Biomarkers for Prediction of Stroke Risk in Atrial Fibrillation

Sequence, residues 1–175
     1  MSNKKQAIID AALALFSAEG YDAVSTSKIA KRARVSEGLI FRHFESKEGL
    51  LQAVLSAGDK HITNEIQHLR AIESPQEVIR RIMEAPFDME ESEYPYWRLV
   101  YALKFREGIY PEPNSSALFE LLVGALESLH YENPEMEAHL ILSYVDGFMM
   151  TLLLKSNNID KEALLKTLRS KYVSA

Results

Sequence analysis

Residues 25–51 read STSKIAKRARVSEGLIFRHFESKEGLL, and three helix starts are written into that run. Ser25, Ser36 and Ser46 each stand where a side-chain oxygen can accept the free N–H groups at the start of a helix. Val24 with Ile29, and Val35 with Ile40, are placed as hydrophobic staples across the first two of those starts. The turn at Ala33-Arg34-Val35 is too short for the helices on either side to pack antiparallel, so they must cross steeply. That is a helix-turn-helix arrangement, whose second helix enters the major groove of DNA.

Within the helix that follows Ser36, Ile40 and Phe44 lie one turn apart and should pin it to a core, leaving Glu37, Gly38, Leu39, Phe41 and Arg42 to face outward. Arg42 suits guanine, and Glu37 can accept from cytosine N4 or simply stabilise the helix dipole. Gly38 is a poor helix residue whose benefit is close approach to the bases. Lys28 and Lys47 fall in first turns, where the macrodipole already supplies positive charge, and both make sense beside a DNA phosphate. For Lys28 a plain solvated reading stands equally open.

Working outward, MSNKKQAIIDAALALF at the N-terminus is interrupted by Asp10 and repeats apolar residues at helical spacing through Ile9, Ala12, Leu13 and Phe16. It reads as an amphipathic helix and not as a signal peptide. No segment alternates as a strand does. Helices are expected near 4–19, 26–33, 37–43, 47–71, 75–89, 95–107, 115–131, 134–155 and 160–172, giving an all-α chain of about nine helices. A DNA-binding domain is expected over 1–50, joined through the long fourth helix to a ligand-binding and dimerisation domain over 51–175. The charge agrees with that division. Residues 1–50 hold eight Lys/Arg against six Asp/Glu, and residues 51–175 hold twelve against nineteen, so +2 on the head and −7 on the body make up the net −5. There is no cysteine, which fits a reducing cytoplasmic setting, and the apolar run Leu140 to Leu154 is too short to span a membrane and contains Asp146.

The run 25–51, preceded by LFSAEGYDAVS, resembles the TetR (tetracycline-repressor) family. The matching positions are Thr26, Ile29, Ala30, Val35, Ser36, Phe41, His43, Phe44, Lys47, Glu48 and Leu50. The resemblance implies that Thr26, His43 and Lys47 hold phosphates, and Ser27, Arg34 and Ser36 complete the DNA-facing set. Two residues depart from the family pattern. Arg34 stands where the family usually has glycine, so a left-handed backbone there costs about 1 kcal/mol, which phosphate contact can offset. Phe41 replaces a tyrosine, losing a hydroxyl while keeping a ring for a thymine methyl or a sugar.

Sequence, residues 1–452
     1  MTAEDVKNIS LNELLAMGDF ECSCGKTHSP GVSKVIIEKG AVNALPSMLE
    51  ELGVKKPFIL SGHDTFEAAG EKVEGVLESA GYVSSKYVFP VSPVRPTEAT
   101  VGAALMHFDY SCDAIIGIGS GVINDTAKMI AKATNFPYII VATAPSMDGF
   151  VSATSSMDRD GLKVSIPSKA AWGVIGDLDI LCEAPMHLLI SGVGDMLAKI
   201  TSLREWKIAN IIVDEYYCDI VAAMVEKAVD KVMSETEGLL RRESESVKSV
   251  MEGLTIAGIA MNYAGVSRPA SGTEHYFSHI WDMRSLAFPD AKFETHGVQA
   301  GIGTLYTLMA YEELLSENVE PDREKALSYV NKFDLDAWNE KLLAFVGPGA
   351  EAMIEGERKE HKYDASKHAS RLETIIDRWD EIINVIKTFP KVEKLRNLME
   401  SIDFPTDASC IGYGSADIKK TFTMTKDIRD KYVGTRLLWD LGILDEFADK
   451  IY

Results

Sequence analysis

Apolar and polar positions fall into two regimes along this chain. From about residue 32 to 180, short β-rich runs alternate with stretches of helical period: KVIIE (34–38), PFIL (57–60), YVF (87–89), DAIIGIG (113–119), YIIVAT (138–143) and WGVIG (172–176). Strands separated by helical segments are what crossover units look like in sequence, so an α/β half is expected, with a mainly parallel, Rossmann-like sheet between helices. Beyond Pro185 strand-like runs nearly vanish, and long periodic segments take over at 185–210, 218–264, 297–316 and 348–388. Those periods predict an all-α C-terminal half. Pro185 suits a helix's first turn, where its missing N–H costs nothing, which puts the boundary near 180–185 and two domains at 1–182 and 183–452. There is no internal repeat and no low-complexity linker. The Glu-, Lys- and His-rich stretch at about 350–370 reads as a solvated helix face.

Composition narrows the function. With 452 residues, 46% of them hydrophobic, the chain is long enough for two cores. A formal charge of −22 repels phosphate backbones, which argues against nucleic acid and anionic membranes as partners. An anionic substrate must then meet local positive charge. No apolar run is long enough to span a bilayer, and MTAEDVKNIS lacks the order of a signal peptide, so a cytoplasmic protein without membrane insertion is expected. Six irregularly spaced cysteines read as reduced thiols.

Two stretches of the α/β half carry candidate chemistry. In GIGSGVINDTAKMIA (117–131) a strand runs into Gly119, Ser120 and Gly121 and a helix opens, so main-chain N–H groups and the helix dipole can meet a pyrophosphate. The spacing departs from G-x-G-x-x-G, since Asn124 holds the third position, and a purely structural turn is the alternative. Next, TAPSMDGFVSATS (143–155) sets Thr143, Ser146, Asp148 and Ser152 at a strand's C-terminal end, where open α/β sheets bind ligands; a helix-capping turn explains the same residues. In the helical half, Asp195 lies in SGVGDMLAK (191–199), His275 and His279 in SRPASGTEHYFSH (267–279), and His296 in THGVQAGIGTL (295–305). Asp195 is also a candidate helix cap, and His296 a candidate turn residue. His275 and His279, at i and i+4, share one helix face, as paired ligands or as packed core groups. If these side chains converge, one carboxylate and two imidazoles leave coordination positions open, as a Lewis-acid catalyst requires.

Every year in the United States more than 775,000 people experience a stroke, with one occurring on average every 40 seconds. Accounting for about one of every 18 deaths in the United States, the condition ranks third among all causes of death. With only a four hour therapeutic window, stroke is also a leading cause of long-term disability. The estimated direct and indirect cost of stroke in 2010 is estimated to be $73.7 billion dollars; as a result, there is a growing market for risk determining methods for stroke, especially in patients with atrial fibrillation (AF), the most common cardiac arrhythmia and a large cause of strokes. AF affects more than 5% of the population older than 65 years and is associated with an increased risk of worsening heart failure. Therefore, as the elderly population continues to rise and as stroke is typically the initial manifestation of embolism in AF, diagnostic and preventative steps are critical to reducing disability and mortality.